Villa Romana do Montinho das Laranjeiras

Villa - Roman Period e Medieval Islamic Period (1219)
The archaeological site Montinho das Laranjeiras is located on a low-level platform, on the right bank of the Rio Guadiana, about 10 km south of Alcoutim. The archaeological works allowed the identification of structures and materials framed within three distinct occupation stages, chronologically set between the 1st century BC (Roman period) and the 12th and 13th century AD (Medieval Islamic Period) The building from the Roman period has six compartments destined to the processing and storage of agricultural products, revealing itself as the pars fructuaria of a rural roman villa. A Christian church with byzantine influence was built between the late 6th century / beginning of the 7th century AD (Late Antiquity/ Visigothic Period), that seems to superimpose itself upon an older building. During the 7th century AD, the church might have been target of several changes in its architecture and usable space, having been documented the opening of several tombs, both inside and outside of the building. From the Islamic Medieval Period we can find noticeable traces of domestic dwellings of rectangular shape, with different compartments set around a central courtyard, occupied until the 12th century AD (Almohad period) and later abandoned during the Christian (Re)conquest. The Visigothic church may have been transformed into a small mosque, similar to what is found in other southern sites in the Iberian Peninsula.


The archaeological site is fenced, but has conditions of visit. On the archaeological site exists explanatory panels and digital explanatory leaflet can be downloaded. For bookings contact Alcoutim City Council. Archaeological Site on the "Rota da Dieta Mediterrânica" (Mediterranean Diet Tour"

Visit conditions

By booking




    How to get there? Best practices

    Best practices

    Good practices when visiting archaeological sites

    To visit an archaeological site is to connect with our origins, to understand our path and evolution as a species integrated in the environment, and to respect and safeguard our heritage so that future generations can also visit and enjoy it.

    Walking the paths and enjoying the structures and archaeological pieces that survived over time, fosters the understanding of what is different, but also of what is common among different populations: basically, what identifies us as Homo Sapiens.

    More than just vestiges and ruins of the past, archaeological sites showcase our capacity for creative thought, adaptation, interconnection, comprehension and resilience. Without these traits we would not have been successful as cultural beings participating in an ongoing evolutionary process. These sites also allow to consider choices made in the past thus contributing for decisions in the present to be made with greater awareness and knowledge.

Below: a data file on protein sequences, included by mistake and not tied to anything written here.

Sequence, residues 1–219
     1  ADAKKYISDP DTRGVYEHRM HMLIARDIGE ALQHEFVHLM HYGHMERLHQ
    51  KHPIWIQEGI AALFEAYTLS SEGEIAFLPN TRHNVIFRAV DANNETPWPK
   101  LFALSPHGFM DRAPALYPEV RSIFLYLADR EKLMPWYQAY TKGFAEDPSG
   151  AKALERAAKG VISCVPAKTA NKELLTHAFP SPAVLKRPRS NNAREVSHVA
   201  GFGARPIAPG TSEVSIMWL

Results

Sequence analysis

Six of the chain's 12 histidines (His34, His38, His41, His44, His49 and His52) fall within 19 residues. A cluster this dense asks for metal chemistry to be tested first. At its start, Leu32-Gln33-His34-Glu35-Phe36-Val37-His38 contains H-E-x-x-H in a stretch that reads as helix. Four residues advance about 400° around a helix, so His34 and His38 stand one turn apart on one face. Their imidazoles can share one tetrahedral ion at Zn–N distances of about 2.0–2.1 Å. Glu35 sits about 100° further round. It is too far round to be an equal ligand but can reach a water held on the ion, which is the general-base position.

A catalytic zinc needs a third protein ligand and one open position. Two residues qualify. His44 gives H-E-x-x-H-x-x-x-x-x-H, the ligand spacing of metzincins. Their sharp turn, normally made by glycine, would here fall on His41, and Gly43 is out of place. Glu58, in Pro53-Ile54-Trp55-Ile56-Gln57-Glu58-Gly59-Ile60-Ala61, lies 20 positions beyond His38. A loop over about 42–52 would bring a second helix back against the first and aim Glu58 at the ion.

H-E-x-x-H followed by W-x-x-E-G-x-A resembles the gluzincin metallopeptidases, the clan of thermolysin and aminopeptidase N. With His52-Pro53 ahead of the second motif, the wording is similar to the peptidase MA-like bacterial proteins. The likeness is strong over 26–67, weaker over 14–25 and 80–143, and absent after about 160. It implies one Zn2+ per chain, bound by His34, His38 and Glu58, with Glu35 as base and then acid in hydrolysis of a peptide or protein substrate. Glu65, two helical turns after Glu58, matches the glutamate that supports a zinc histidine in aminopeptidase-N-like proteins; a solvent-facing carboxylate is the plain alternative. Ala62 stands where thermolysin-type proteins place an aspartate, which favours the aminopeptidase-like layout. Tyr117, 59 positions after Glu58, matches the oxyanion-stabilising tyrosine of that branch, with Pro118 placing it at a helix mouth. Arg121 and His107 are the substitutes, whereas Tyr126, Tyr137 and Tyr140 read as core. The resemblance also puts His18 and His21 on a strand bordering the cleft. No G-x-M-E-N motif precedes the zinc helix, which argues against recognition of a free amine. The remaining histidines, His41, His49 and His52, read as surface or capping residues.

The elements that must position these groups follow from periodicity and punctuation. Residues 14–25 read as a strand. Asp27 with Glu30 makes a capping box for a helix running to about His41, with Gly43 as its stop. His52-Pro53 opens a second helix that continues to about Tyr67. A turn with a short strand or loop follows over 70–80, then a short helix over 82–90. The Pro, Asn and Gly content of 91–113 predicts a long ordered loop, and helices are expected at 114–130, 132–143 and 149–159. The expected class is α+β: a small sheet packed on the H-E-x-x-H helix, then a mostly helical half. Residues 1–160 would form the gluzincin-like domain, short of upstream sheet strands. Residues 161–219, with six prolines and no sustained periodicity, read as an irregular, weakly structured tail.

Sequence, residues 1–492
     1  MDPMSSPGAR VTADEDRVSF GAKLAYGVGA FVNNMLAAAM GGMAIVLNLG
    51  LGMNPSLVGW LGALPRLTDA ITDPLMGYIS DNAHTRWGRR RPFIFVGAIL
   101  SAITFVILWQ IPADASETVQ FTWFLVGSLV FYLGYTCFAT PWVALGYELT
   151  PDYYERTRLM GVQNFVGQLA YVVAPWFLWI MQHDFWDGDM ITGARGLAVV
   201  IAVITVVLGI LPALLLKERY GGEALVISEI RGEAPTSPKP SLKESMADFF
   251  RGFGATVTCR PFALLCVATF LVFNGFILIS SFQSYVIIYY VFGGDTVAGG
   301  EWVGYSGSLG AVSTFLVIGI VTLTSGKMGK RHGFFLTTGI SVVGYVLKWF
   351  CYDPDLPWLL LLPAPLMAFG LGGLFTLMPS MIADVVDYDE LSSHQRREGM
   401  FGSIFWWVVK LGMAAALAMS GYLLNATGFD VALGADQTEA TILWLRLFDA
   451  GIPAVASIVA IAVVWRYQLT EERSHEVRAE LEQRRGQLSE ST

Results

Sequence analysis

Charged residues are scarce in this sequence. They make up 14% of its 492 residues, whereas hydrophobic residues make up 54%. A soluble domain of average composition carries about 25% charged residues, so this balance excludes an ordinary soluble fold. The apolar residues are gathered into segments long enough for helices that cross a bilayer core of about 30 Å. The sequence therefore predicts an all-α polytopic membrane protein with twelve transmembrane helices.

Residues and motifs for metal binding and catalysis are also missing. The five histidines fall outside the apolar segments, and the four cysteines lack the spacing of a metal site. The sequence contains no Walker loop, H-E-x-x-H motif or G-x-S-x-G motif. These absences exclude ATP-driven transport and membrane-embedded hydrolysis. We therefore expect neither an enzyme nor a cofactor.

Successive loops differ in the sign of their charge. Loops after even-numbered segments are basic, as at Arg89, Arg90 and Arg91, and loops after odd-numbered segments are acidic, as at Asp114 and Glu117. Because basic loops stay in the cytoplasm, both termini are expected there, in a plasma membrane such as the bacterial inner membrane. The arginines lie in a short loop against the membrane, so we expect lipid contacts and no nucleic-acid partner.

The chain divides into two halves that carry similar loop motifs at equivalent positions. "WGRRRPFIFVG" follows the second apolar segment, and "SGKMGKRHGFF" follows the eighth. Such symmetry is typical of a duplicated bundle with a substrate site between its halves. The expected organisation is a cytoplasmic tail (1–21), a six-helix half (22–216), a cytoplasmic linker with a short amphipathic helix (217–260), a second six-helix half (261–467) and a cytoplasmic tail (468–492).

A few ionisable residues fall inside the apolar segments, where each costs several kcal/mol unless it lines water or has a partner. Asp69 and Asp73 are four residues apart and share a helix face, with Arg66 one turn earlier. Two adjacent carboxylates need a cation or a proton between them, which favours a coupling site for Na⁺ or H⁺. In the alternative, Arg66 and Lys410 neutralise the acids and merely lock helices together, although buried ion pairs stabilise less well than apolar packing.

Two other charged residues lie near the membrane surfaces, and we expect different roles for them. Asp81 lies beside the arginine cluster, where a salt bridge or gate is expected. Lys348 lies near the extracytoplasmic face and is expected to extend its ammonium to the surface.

Archaeological sites are unique and irreplaceable. These sites are fragile resources vulnerable to changes driven by human development. The information they keep, if destroyed, can never be recovered again.

    As such, the Directorate-General for Cultural Heritage (DGPC) invites all visitors to enjoy the beauty and authenticity of these sites, while helping to preserve them for future generations by adopting the following set of good practices:

    • Respect all signs; 
    • Do not try to access fenced areas; 
    • Do not climb, sit or walk on archaeological structures and remains; 
    • Respect areas where archaeological excavations are being carried out, not disturbing them; 
    • Do not collect materials or sediments;
    • Do not write or make graffiti on archaeological structures; 
    • Put the garbage in appropriate containers. If none exist, take the garbage with you until you find a suitable container; 
    • Leave the archaeological site as you found it; 
    • Do not drive bicycles or motor vehicles over archaeological sites; 
    • Respect and protect the plants and animals that live in the areas surrounding archaeological sites;
    • Report signs of vandalism or destruction to DGPC or Regional Directorates of Culture (DRC);
    • Share the visiting experience and the archaeological sites, as a way of raising awareness to their preservation and making them better known;
    • Do not buy archaeological materials and report to public security authorities, DGPC or DRC, if you suspect that archaeological materials may be for sale.

    Further information:

    AIA / ATTA (2013) – Guide to best practices for archaeological tourism. 

    Raposo, J. (2016) – Código de conduta para uma visita responsável a sítios arqueológicos. In Sítios arqueológicos portugueses revisitados: 500 arqueossítios ou conjuntos em condições de fruição pública responsável. Al-madan, 2ª série, p. 20 – 77. 

    DGPC contacts

    Phone: +351213614200 | Email:


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